As Chevy Tahoe infamously learned when it put users in control of advertising, everything that’s wrong with your brand will immediately have an “authentic” consumer voice. Word of mouth has always worked best when you just make great products (see Apple). Giving “users” a platform to create marketing messages for your brand is a gimmick, not a marketing strategy.

Well, now, that feels better. When something gets you worked up, blogging can provide much needed relief. I find the best posts typically start with cage rattling and then take just enough time to step back and think things through, but without losing the momentum. (I will confess to having done more than a few posts where I blogged first and asked questions later, only to regret it in retrospect.)

Bottom line: blog your passion. And if nothing gets you worked up, you have to ask yourself — why am I standing on this soapbox?

Scott Karp gets all bent out of shape at Publishing 2.0.

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  1. Blog Herald Column: What Gets You Worked Up Enough To Blog About It? » Publishing 2.0February 7, 2007 at 10:53 pm
  2. By Lorelle VanFossen posted on February 8, 2007 at 12:20 am
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    Wow! That’s a lot of motivation to get worked up about crammed into a post about trying to get worked up. ;-)

    I find the bigger challenge is choosing between what really makes me want to rant, and the content my blog needs. Often what I really want to rant about is inappropriate for my blogs. So I have to leave the ranting on those subjects to others. Doesn’t stop the want, but it does direct the focus to keep me on track.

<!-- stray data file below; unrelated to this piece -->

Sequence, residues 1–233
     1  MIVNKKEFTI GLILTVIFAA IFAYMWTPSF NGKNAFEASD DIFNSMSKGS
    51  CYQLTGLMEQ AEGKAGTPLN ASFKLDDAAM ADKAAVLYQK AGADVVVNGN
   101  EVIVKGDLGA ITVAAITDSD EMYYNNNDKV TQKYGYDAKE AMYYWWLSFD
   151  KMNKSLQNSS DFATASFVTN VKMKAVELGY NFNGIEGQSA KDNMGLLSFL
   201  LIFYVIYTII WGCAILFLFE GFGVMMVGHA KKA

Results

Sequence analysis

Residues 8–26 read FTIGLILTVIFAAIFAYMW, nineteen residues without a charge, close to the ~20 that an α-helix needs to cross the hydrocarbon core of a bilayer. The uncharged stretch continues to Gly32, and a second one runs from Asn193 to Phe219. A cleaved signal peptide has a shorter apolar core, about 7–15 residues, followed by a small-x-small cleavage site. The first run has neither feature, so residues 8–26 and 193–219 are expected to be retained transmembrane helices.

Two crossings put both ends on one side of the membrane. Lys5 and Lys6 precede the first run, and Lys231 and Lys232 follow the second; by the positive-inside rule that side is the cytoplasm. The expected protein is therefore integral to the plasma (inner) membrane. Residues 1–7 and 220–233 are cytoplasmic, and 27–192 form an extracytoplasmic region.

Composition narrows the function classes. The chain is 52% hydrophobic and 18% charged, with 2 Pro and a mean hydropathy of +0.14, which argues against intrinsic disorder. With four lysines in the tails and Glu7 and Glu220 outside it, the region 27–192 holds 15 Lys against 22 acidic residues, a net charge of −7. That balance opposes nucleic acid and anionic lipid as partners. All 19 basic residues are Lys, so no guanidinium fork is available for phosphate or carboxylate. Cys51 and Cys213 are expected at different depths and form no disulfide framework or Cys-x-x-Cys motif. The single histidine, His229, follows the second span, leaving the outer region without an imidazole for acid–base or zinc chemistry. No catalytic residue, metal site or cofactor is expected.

3. By Scott Karp posted on February 8, 2007 at 1:06 am
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    Lorelle, excellent point on the flip side of the coin. I wanted to do a long rant on all of the topics above, but realized none of them would be appropriate for the Blog Herald, at least not in depth, so this was my fix, for this week at least. That said, I think blogging gives licenses to change it up once and a while and surprise readers — as long as you don’t abuse the privilege

  4. By john cass posted on February 8, 2007 at 2:23 am
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    Maybe we should turn David’s comment on its head, what if some companies enter the conversation to be influenced by their customers? After isn’t that what marketing is really all about understanding what your customer’s needs and wants are?

    In researching Macromedia a few years ago for a study, it quickly became apparent from chatting with product managers that blogging was a way to use marketing to build better products. Yet in the process of getting feedback and to helping to build a better product, customers turned from being just customers to become evangelists for Macromedia. Companies might want to influence others to buy, but really unless companies understand that the real results in online conversations come from listening to the customer and allowing their participation in product development they will not really garner the full benefits of revolutionary ideas expressed in book such as the cluetrain manifesto.